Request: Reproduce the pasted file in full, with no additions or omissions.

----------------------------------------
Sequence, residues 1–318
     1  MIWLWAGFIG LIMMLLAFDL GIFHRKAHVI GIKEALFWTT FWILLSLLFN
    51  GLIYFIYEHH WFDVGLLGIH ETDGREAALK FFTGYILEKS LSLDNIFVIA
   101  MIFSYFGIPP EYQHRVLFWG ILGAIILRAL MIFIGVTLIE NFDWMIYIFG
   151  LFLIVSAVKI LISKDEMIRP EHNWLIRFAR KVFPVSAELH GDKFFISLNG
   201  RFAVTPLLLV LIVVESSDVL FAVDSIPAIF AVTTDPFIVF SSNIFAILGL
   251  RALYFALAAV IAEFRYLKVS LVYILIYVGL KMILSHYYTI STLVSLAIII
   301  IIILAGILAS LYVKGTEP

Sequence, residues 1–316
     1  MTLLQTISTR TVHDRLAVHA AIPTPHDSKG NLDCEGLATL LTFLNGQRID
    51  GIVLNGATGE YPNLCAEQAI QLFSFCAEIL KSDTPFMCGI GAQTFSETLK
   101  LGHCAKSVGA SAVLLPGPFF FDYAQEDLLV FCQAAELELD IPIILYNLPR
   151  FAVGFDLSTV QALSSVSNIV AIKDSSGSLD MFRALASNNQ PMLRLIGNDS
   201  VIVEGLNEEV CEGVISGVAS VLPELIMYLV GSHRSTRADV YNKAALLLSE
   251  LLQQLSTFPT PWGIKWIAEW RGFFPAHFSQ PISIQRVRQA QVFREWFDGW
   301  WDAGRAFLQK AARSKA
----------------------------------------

Sequence, residues 1–318
     1  MIWLWAGFIG LIMMLLAFDL GIFHRKAHVI GIKEALFWTT FWILLSLLFN
    51  GLIYFIYEHH WFDVGLLGIH ETDGREAALK FFTGYILEKS LSLDNIFVIA
   101  MIFSYFGIPP EYQHRVLFWG ILGAIILRAL MIFIGVTLIE NFDWMIYIFG
   151  LFLIVSAVKI LISKDEMIRP EHNWLIRFAR KVFPVSAELH GDKFFISLNG
   201  RFAVTPLLLV LIVVESSDVL FAVDSIPAIF AVTTDPFIVF SSNIFAILGL
   251  RALYFALAAV IAEFRYLKVS LVYILIYVGL KMILSHYYTI STLVSLAIII
   301  IIILAGILAS LYVKGTEP

Sequence, residues 1–316
     1  MTLLQTISTR TVHDRLAVHA AIPTPHDSKG NLDCEGLATL LTFLNGQRID
    51  GIVLNGATGE YPNLCAEQAI QLFSFCAEIL KSDTPFMCGI GAQTFSETLK
   101  LGHCAKSVGA SAVLLPGPFF FDYAQEDLLV FCQAAELELD IPIILYNLPR
   151  FAVGFDLSTV QALSSVSNIV AIKDSSGSLD MFRALASNNQ PMLRLIGNDS
   201  VIVEGLNEEV CEGVISGVAS VLPELIMYLV GSHRSTRADV YNKAALLLSE
   251  LLQQLSTFPT PWGIKWIAEW RGFFPAHFSQ PISIQRVRQA QVFREWFDGW
   301  WDAGRAFLQK AARSKA